Ideas from 'On Liberty' by John Stuart Mill [1857], by Theme Structure

[found in 'Utilitarianism (including On Liberty etc)' by Mill,John Stuart (ed/tr Warnock,Mary) [Fontana 1962,0-00-686022-2]].

green numbers give full details    |     back to texts     |     expand these ideas

22. Metaethics / C. Ethics Foundations / 1. Nature of Ethics / g. Moral responsibility
It is a crime for someone with a violent disposition to get drunk
23. Ethics / E. Utilitarianism / 1. Utilitarianism
Ethics rests on utility, which is the permanent progressive interests of people
24. Political Theory / A. Basis of a State / 3. Natural Values / a. Natural freedom
Individuals have sovereignty over their own bodies and minds
24. Political Theory / B. Nature of a State / 2. State Legitimacy / d. General will
The will of the people is that of the largest or most active part of the people
24. Political Theory / C. Ruling a State / 2. Leaders / c. Despotism
It is evil to give a government any more power than is necessary
24. Political Theory / C. Ruling a State / 3. Government / a. Government
Individuals often do things better than governments
24. Political Theory / C. Ruling a State / 4. Changing the State / b. Devolution
Aim for the maximum dissemination of power consistent with efficiency
24. Political Theory / D. Ideologies / 4. Social Utilitarianism
Maximise happiness by an area of strict privacy, and an area of utilitarian interventions [Wolff,J]
24. Political Theory / D. Ideologies / 5. Democracy / a. Nature of democracy
People who transact their own business will also have the initiative to control their government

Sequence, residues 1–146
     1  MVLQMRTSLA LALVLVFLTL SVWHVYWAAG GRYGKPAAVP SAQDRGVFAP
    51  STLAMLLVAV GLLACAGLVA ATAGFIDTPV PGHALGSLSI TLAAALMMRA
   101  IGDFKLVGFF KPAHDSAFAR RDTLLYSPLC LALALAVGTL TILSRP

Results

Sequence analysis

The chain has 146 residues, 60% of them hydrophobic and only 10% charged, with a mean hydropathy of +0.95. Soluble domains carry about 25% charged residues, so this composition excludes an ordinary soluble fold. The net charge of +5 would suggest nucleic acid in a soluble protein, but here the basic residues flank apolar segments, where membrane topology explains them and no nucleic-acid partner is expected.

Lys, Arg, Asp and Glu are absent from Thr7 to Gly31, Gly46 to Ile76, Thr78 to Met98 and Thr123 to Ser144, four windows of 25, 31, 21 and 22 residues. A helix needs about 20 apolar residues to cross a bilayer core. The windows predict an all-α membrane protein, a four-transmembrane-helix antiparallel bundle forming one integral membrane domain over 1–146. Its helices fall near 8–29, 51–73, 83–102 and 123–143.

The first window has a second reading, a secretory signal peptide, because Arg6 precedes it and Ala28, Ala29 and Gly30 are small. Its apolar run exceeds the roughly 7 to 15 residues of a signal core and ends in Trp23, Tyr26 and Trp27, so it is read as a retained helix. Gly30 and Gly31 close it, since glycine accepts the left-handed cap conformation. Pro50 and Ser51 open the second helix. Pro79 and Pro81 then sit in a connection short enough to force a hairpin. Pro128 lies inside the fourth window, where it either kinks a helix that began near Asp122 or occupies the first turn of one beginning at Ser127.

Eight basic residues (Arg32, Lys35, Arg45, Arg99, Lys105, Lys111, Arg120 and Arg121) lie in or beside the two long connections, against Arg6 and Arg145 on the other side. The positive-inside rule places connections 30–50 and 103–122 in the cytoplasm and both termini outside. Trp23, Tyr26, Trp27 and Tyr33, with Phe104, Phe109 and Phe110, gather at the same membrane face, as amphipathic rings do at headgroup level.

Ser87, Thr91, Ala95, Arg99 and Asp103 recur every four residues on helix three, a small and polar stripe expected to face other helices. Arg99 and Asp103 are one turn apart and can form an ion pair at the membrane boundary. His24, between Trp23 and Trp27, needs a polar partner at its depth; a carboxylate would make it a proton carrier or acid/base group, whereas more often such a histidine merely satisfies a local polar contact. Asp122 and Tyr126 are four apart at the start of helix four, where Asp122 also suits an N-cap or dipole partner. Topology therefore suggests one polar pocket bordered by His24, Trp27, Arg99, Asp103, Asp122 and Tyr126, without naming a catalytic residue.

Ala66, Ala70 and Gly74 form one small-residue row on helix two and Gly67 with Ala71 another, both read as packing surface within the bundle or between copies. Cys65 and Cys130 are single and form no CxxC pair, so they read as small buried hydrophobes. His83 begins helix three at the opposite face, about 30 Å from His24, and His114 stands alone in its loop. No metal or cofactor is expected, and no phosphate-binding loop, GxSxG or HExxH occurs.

24. Political Theory / D. Ideologies / 6. Liberalism / b. Liberal aims
Prevention of harm to others is the only justification for exercising power over people
24. Political Theory / D. Ideologies / 6. Liberalism / c. Individualism
The worth of a State, in the long run, is the worth of the individuals composing it
24. Political Theory / D. Ideologies / 6. Liberalism / e. Liberal freedom
The main argument for freedom is that interference with it is usually misguided
25. Social Practice / A. Freedoms / 3. Free speech
Liberty arises at the point where people can freely and equally discuss things
25. Social Practice / A. Freedoms / 5. Freedom of lifestyle
Utilitarianism values liberty, but guides us on which ones we should have or not have [Wolff,J]
Mill defends freedom as increasing happiness, but maybe it is an intrinsic good [Wolff,J]
True freedom is pursuing our own good, while not impeding others
Restraint for its own sake is an evil
Individuals are not accountable for actions which only concern themselves
Blocking entry to an unsafe bridge does not infringe liberty, since no one wants unsafe bridges
Pimping and running a gambling-house are on the border between toleration and restraint
25. Social Practice / D. Justice / 3. Punishment / a. Right to punish
Society can punish actions which it believes to be prejudicial to others
25. Social Practice / E. Policies / 3. Welfare provision
Benefits performed by individuals, not by government, help also to educate them
25. Social Practice / E. Policies / 5. Education / a. Aims of education
We need individual opinions and conduct, and State education is a means to prevent that
25. Social Practice / F. Life Issues / 3. Abortion
It is a crime to create a being who lacks the ordinary chances of a desirable existence
29. Religion / B. Monotheistic Religion / 4. Christianity / a. Christianity
The ethics of the Gospel has been supplemented by barbarous Old Testament values